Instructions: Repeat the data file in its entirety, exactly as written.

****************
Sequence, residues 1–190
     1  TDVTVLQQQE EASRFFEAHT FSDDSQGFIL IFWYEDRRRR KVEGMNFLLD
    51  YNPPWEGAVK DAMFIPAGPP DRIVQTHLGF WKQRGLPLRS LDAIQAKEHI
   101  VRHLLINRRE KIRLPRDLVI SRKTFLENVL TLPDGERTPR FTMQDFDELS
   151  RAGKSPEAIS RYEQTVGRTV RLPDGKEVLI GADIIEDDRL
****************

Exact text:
Sequence, residues 1–190
     1  TDVTVLQQQE EASRFFEAHT FSDDSQGFIL IFWYEDRRRR KVEGMNFLLD
    51  YNPPWEGAVK DAMFIPAGPP DRIVQTHLGF WKQRGLPLRS LDAIQAKEHI
   101  VRHLLINRRE KIRLPRDLVI SRKTFLENVL TLPDGERTPR FTMQDFDELS
   151  RAGKSPEAIS RYEQTVGRTV RLPDGKEVLI GADIIEDDRL